It’s probably fair to say that I’m a bit of a science nerd. In fact, it’s a little more than that. I think that science is essential to how we develop as a species. It is an ongoing search for truth and understanding. It is how we rise above our own parochial views and engage with the bigger picture of the world around us. So when science comes under attack, I’m not going to just stand idly by.
Which goes some way to explaining how I found myself recently in the centre of Bristol for the city’s science march, one of a global network of marches and science-based activities protesting against the increasing politicisation of science and the rise of nuckle-headed ‘alternative facts’ and general bigotry in the place of open and informed debate.
And I wasn’t alone…
I also wasn’t there just to tag along. I’d brought with me some of my fellow astronomers, with the aim of taking this opportunity to share with the good people of Bristol some of the wonders of our nearest star, i.e. the sun. Because, to be honest, doing astronomy during the daytime does kinda limit your options.
We all know that it’s important not to look at the sun with the naked eye or with ‘regular’ binoculars or telescopes. (If you didn’t, then you do now.) But there are several ways of observing the sun safely.
So we’d brought with us two ‘hydrogen alpha’ solar telescopes, which let through only a small amount of the sun’s light at one particular wavelength. You can see one of them in the photo below – it’s the little gold thing on the tripod. This gives a very red image, as the light that gets through the filter is at the red end of the spectrum.
My friend John had brought along his refractor telescope, which was fitted out with a special filter (a ‘Herschel wedge’, in case you’re interested) which lets though a very small proportion of the sun’s light at all wavelengths. So you get a white-ish image, which is much more like we actually see the sun, but significantly less bright.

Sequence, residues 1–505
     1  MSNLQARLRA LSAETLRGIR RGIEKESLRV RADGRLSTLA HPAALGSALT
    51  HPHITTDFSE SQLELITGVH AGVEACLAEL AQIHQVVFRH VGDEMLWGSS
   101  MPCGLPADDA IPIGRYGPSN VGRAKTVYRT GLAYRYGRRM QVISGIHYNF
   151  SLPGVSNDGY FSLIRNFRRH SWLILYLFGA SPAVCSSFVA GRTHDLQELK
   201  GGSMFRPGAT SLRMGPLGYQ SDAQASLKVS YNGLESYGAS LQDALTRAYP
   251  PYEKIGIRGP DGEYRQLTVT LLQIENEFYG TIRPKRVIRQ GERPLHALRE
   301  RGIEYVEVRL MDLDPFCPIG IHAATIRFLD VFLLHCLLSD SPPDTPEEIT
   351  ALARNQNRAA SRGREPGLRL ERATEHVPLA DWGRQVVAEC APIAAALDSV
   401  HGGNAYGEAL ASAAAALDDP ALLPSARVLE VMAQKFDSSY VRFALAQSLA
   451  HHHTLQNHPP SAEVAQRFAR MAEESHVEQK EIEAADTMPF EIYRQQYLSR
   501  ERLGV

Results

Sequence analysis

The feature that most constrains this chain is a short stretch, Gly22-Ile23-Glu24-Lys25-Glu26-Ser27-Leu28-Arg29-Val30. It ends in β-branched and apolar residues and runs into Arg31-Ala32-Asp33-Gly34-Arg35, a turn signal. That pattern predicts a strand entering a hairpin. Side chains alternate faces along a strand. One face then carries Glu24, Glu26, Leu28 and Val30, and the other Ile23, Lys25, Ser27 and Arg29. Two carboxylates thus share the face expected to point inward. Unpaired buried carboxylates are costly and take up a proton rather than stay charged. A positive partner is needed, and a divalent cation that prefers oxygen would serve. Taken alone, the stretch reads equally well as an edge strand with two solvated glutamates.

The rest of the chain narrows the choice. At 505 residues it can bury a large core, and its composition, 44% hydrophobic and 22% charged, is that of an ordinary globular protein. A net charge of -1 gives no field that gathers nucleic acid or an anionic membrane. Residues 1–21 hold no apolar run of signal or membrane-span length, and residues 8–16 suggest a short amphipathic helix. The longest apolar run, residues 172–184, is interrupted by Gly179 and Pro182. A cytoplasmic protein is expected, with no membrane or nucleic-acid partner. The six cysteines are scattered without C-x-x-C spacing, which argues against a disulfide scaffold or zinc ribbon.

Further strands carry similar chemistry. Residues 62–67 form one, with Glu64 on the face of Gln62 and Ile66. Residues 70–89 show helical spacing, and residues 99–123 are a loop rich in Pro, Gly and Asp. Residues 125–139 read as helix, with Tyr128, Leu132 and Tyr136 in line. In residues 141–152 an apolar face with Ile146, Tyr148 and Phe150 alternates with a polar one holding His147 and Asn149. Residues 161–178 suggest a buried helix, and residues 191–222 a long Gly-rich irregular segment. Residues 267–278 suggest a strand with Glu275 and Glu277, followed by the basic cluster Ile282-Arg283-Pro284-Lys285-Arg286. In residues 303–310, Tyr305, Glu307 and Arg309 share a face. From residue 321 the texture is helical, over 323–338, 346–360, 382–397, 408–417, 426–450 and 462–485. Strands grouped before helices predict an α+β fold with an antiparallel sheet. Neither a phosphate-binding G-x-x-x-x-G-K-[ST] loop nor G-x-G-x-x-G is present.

We also had a solar projector, which projects an image of the sun onto a piece of paper so that you can look at it without having to stare through a telescope eyepiece. I forgot to take a photo of that, though, so here’s one of me showing the sun to a St. John Ambulance volunteer through one of the ‘hydrogen alpha’ scopes.
And here’s the sun itself. This is an image from the Solar Heliospheric Observatory (SOHO) in space, but it’s from the right day and shows the small sunspots that we were able to see with our telescopes. The sunspots are the little black dots on the disc of the sun. They are areas where the surface of the sun is much cooler than the bits surrounding it, due to violent activity on the surface.
And they’re not actually that small, either. Each of the ones in the image below is almost the size of the Earth.
It’s fair to say, though, that the sun is a bit quiet at the moment. Solar activity goes in roughly eleven year cycles, and we’re currently in a relatively boring phase from an astronomy point of view. (But a relaxing period for anyone responsible for communications networks and other things that can get disrupted by extreme solar activity.)
Here’s the sun when it’s at a more active stage of its cycle, this time at x-ray wavelengths. That’s more like it.
In addition to the observing, I also took part in the march itself. It was just a couple of miles around the centre of Bristol, up past City Hall to the University and then back down again. But is was definitely one of the politest marches I’ve ever seen, with people stopping every few paces to explain to passers-by what was going on and pausing to allow people and traffic to pass.
At one point, someone on the other side of the street yelled “nerds!” and a massive cheer went up among this tide of scientists and associated hangers-on.
Talking of hangers-on, Molly (temporarily redesignated the ‘science lab’) was keen to come along to show her support. She’d even somehow managed to score her own small banner. And she was by far one of the most photographed marchers!
And it was a great day. I really enjoy getting out to talk to people about astronomy, and doing so with an audience that was as enthusiastic about science as this one was a particular pleasure. And I think we managed to convert a few passers-by, too.
It was also fantastic to see what scientists and science-based organisations can do when they come together. It was the first time I’d got involved in anything like this, but I suspect it won’t be the last. Because we have a fight on our hands. And I fear that what we’ve seen so far is just the beginning. We all need to stand up – and sometimes even march – for science.